The general consensus is that the industry can expect continued growth as consumers maintain purchases of staple bread and baked goods with an eye toward health and nutrition. Changes in lifestyle and demographics and anticipation of a weakening economy will affect the bakery sector but will also serve as a platform for adaptable and innovative companies to grow and thrive.
In anticipation of the challenging economy ahead, most industry experts say it will be crucial for companies to find the delicate balance between efficiency, budgetary constraints, business savvy and innovative breakthroughs that will allow them to meet or exceed customer expectations and secure their place in a competitive market.
Baking Association of Canada (BAC) president and CEO Paul Hetherington expects the baking industry to fare better than food service, which will be affected by fewer people dining out. Consumer spending trends in the bakery sector will shift to “focus more on lower-end products at the price point perspective,” he says. “Artisan products and higher-end premium priced breads will be under more pressure as consumers try to economize.”
Hetherington maintains that key industry initiatives will be focused on satisfying consumer expectations for healthier products containing alternative whole grains, removing trans-fats and reducing sodium. Additional concerns will centre on environmental and packaging initiatives, food safety and allergens, emission and waste issues and the “patchwork compliance” regulations that result from an upsurge in municipal and provincial activism in a traditionally federally mandated regulatory process.
Frank Safian, president of the Ontario BAC chapter, identified several major challenges facing the industry. These include lowering sodium levels in breads, the struggle to find alternative solutions and cost-effective replacements to trans-fatty acids (TFAs), the unyielding pressure to reduce packaging for baked goods, and concerns regarding toxins such as ethanol that are released into the environment during the baking process.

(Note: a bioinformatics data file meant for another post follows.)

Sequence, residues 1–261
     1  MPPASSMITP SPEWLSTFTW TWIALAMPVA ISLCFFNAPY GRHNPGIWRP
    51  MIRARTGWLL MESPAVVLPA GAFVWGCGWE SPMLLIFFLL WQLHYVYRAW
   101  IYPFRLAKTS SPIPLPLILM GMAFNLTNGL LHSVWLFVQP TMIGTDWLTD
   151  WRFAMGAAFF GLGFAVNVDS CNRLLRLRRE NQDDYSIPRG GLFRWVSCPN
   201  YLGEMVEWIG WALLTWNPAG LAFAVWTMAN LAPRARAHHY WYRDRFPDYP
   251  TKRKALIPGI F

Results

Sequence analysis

He says ongoing consumer health interest will see an influx of flatbreads, tortillas and wraps, as well as the promotion of more grains, ancient grains and dietary fibre in bakery products as a means of reducing dietary tract cancers and related health issues.
Despite the resurgence of white bread in the market (notably because of repositioning, advertising and packaging changes that appeal to kids and seniors) Puratos marketing manager Oxana Sergeeva thinks that “bread trends will not show any significant growth” because of universal penetration, no significant population growth and an aging population eating less.
Sergeeva anticipates the health-conscious consumer will embrace a lineup of whole-wheat-based, reduced-fat and reduced-sugar pastries that will launch in the coming years, and she believes there will be a significant rise in volume in the niche market of organic, flavoured products.
George Brown College Chef School chairman Keith Muller is happy to report an emerging trend with “unprecedented interest from students in the baking area, especially in specialty breads and pastry. Enrolment to these programs has doubled over the last year, likely due to Food Network programs.”
He assumes the artisanal bread and green packaging trends will continue with consumers being more concerned about organic products, ancient grains, wheat-free products and quality chocolate products.
As far as the economic downturn affecting the industry goes, Muller thinks “health issues will overrule commodity costs to a point. People will continue to buy good quality products but may just buy fewer.”
Artisano Bakery Café corporate bakery manager Richard Crossman agrees with Muller’s impression of an emerging educational trend. “The Food Network and other television shows have given consumers a wonderful insight into the baking and pastry trade, and as a result, we’ll see a demand for higher quality and good value,” he says.